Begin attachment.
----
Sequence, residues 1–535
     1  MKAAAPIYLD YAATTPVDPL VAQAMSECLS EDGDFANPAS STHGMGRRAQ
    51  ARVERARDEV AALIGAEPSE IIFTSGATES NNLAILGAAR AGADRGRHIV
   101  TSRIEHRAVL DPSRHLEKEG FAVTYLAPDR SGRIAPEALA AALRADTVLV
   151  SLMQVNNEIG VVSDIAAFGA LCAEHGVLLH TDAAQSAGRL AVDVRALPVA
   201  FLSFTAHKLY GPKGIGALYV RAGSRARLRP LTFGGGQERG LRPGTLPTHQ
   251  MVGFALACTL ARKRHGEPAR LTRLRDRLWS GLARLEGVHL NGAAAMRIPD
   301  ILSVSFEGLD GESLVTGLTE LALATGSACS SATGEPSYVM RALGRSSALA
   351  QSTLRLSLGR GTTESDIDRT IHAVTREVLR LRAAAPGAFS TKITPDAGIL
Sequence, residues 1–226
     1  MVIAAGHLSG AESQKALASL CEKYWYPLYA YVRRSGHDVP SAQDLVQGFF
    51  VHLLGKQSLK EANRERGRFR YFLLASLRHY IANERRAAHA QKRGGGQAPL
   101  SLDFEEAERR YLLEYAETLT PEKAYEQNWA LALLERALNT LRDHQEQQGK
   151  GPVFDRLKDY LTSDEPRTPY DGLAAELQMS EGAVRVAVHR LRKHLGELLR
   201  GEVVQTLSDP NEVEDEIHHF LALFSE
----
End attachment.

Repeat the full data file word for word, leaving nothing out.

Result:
Sequence, residues 1–535
     1  MKAAAPIYLD YAATTPVDPL VAQAMSECLS EDGDFANPAS STHGMGRRAQ
    51  ARVERARDEV AALIGAEPSE IIFTSGATES NNLAILGAAR AGADRGRHIV
   101  TSRIEHRAVL DPSRHLEKEG FAVTYLAPDR SGRIAPEALA AALRADTVLV
   151  SLMQVNNEIG VVSDIAAFGA LCAEHGVLLH TDAAQSAGRL AVDVRALPVA
   201  FLSFTAHKLY GPKGIGALYV RAGSRARLRP LTFGGGQERG LRPGTLPTHQ
   251  MVGFALACTL ARKRHGEPAR LTRLRDRLWS GLARLEGVHL NGAAAMRIPD
   301  ILSVSFEGLD GESLVTGLTE LALATGSACS SATGEPSYVM RALGRSSALA
   351  QSTLRLSLGR GTTESDIDRT IHAVTREVLR LRAAAPGAFS TKITPDAGIL
Sequence, residues 1–226
     1  MVIAAGHLSG AESQKALASL CEKYWYPLYA YVRRSGHDVP SAQDLVQGFF
    51  VHLLGKQSLK EANRERGRFR YFLLASLRHY IANERRAAHA QKRGGGQAPL
   101  SLDFEEAERR YLLEYAETLT PEKAYEQNWA LALLERALNT LRDHQEQQGK
   151  GPVFDRLKDY LTSDEPRTPY DGLAAELQMS EGAVRVAVHR LRKHLGELLR
   201  GEVVQTLSDP NEVEDEIHHF LALFSE